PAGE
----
|Nikon D4« »||-||-||4.5/5||-||4.5/5||Jan 2012||5,999||-||Nikon D4|
|Nikon D3S« »||-||89/100||4.5/5||5/5||5/5||Oct 2009||5,199||-||Nikon D3S|
Care should be taken when interpreting the review scores above, though. The assessments were made in relation to similar cameras of the same technological generation. Thus, a score needs to be put into the context of the launch date and the launch price of the camera, and comparing ratings of very distinct cameras or ones that are far apart in terms of their release date have little meaning. Also, please note that some of the review sites have changed their methodology and reporting over time.
Other camera comparisons
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Specifications: Canon 1D Mark IV vs Canon 350D
|Camera Model||Canon 1D Mark IV||Canon 350D|
|Camera Type||Digital single lens reflex||Digital single lens reflex|
|Camera Lens||Canon EF mount lenses||Canon EF mount lenses|
|Launch Date||October 2009||February 2005|
|Launch Price||USD 4999||USD 899|
|Sensor Format||APS-H Sensor||APS-C Sensor|
|Sensor Size||27.9 x 18.6 mm||22.2 x 18.6 mm|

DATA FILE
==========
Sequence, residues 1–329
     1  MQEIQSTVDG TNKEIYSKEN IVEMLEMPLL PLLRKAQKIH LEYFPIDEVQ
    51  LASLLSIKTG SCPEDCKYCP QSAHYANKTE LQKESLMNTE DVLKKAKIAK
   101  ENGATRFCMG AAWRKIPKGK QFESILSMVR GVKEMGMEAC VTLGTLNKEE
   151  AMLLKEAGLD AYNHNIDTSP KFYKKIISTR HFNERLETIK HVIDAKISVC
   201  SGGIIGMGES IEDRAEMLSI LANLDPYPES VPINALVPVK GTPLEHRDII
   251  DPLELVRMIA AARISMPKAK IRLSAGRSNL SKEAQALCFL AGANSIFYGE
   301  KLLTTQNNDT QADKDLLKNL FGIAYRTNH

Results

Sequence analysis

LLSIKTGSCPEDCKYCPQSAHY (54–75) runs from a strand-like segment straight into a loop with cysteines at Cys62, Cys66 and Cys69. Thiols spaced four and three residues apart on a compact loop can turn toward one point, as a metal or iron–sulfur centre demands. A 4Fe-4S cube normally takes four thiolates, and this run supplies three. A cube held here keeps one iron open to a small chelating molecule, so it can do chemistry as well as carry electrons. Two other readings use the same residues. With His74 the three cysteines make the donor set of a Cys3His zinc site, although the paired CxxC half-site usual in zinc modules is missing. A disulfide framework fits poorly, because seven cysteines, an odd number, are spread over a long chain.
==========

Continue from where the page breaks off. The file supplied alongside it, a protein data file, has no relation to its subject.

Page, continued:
|Sensor Area||518.94 mm2||328.56 mm2|
|Sensor Diagonal||33.5 mm||26.7 mm|
|Sensor Resolution||16 Megapixels||8 Megapixels|
|Image Resolution||4896 x 3264 pixels||3456 x 2304 pixels|
|Pixel Pitch||5.70 μm||6.41 μm|
|Pixel Density||3.08 MP/cm2||2.42 MP/cm2|
|Moiré control||Anti-Alias filter||Anti-Alias filter|
|Movie Capability||1080/30p Video||no Video|
|ISO Setting||100-12800 ISO||100-1600 ISO|
|ISO Boost||50-102400 ISO||no Enhancement|
|Image Processor||DIGIC IV||DIGIC II|
|DXO Sensor Quality (score)||74||60|
|DXO Color Depth (bits)||22.8||21.8|
|DXO Dynamic Range (EV)||12.0||10.8|
|DXO Low Light (ISO)||1320||637|
|Viewfinder Type||Optical viewfinder||Optical viewfinder|
|Viewfinder Field of View||100%||95%|
|Top-Level Screen||Control Panel||no Top Display|
|LCD Framing||Live View||n/a|
|Rear LCD Size||3.0 inch||1.8 inch|
|LCD Resolution||920k dots||115k dots|
|LCD Attachment||Fixed screen||Fixed screen|
|Autofocus System||Phase-detect AF||Phase-detect AF|
|Maximum Shutter Speed||1/8000s||1/4000s|
|Continuous Shooting||10 shutter flaps/s||3 shutter flaps/s|
|Fill Flash||no On-Board Flash||Build-in Flash|
|Storage Medium||CF cards||CF cards|
|Second Storage Option||Dual card slots||Single card slot|
|Studio Flash||PC Sync socket||no PC Sync|
|USB Connector||USB 2.0||USB 2.0|
|HDMI Port||mini HDMI||no HDMI|
|Microphone Port||External MIC port||no MIC socket|
|Wifi Support||no Wifi||no Wifi|
|Environmental Sealing||Weathersealed body||Not weather sealed|
|Battery Type||LP-E4 power pack||NB-2LH power pack|
|Battery Life (CIPA)||1500 shots per charge||400 shots per charge|
156 x 157 x 80 mm
(6.1 x 6.2 x 3.1 in)
127 x 94 x 64 mm
(5.0 x 3.7 x 2.5 in)
|Camera Weight||1230 g (43.4 oz)||540 g (19.0 oz)|